Diverticulosis is the condition of having outpouchings (diverticulae) of the colon develop as a result of chronic excess pressure on the colon wall. Three decades ago, it was virtually unheard of before age 40 or 50. Now although it is still more common with age, it’s seen occasionally in the 30’s. Symptoms include abdominal pain due to spasm (more common in the left lower abdomen), bloating, and changes in movements (both diarrhea and constipation can result). Any such symptoms would prompt a gastrointestinal work up to rule out more serious conditions. Occasionally bleeding can occur, and if the diverticulae become infected then diverticulitis results, which can lead to perforations and abscesses.

Risk factors for diverticulosis include increased age, chronic constipation, and a low fiber diet over decades. Fiber was first recognized in 1974 as being the most important factor in diverticulosis. Denis Burkitt was a general surgeon who practiced medicine in developing countries in Africa as part of missionary work. As a young doctor he expected to do a lot of abdominal surgery in these areas that didn’t have medical care prior to his arriving. For his entire career he operated on just a few people with appendicitis and diverticulitis, and those were Western workers who had only been in Africa for a brief time. In 1979 he published a book called “Don’t Forget Fiber in Your Diet,” and the rest is history; the major cause of diverticulosis was identified.

Definite diagnosis is relatively easy with the use of a CT scan or MRI, followed by a colonoscopy.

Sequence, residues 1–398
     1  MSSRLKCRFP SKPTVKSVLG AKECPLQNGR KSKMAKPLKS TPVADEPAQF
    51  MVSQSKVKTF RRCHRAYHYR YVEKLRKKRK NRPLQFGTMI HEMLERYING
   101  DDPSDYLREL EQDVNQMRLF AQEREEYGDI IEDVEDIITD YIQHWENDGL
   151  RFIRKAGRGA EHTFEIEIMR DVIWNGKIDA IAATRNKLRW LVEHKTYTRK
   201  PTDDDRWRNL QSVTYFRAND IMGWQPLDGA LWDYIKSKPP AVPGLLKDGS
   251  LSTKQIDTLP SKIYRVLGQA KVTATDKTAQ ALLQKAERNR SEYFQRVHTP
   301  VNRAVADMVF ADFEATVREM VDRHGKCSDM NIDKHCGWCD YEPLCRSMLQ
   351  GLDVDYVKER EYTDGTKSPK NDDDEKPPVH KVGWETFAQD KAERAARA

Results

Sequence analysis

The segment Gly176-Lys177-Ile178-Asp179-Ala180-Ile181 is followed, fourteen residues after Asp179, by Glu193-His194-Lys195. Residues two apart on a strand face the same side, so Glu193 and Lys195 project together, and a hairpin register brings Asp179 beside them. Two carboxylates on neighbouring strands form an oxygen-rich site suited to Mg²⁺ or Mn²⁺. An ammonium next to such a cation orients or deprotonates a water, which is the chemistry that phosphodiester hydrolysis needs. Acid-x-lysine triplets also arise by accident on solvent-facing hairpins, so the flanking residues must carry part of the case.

The recommended treatment depends on the symptoms. Many cases have minimal symptoms and require nothing more than a high-fiber diet. Fiber has been shown to reduce pressure in the colon. For decades the advice to avoid seeds in many vegetables and fruits was given; this was based on the theory that the seeds could get caught in the diverticula. This advice was never based on legitimate studies and now has been proven to be definitely erroneous; in fact these vegetables and fruits contain fiber that improves the condition. Recommended fiber sources include both insoluble fiber as in whole wheat products and vegetables, and soluble fiber as in fruits and oats. Don’t’ get tricked, many containers of food products mention fiber, but actually have an insignificant amount.

For acute flare-ups of abdominal pain, prescription anti-spasmotics and the old fashioned remedy of peppermint oil can be prescribed.

When infected, diverticulitis is treated with antibiotics and a low fiber diet (which puts the colon at rest). A liquid diet and antibiotics are used in outpatients. More serious cases require hospitalization, nothing by mouth, and intravenous antibiotics. In either case, two antibiotics are necessary to treat aerobic (requiring oxygen to multiply) and anaerobic (multiply without oxygen) bacteria. Augmentin and Cleocin are antibiotics commonly used in outpatients.

Absesses not cured by antibiotics, and uncontrolled bleeding are two indications requiring surgery to remove the affected area of the colon or drain the abscess. With stronger antibiotics available, surgery is required much less often than several decades ago.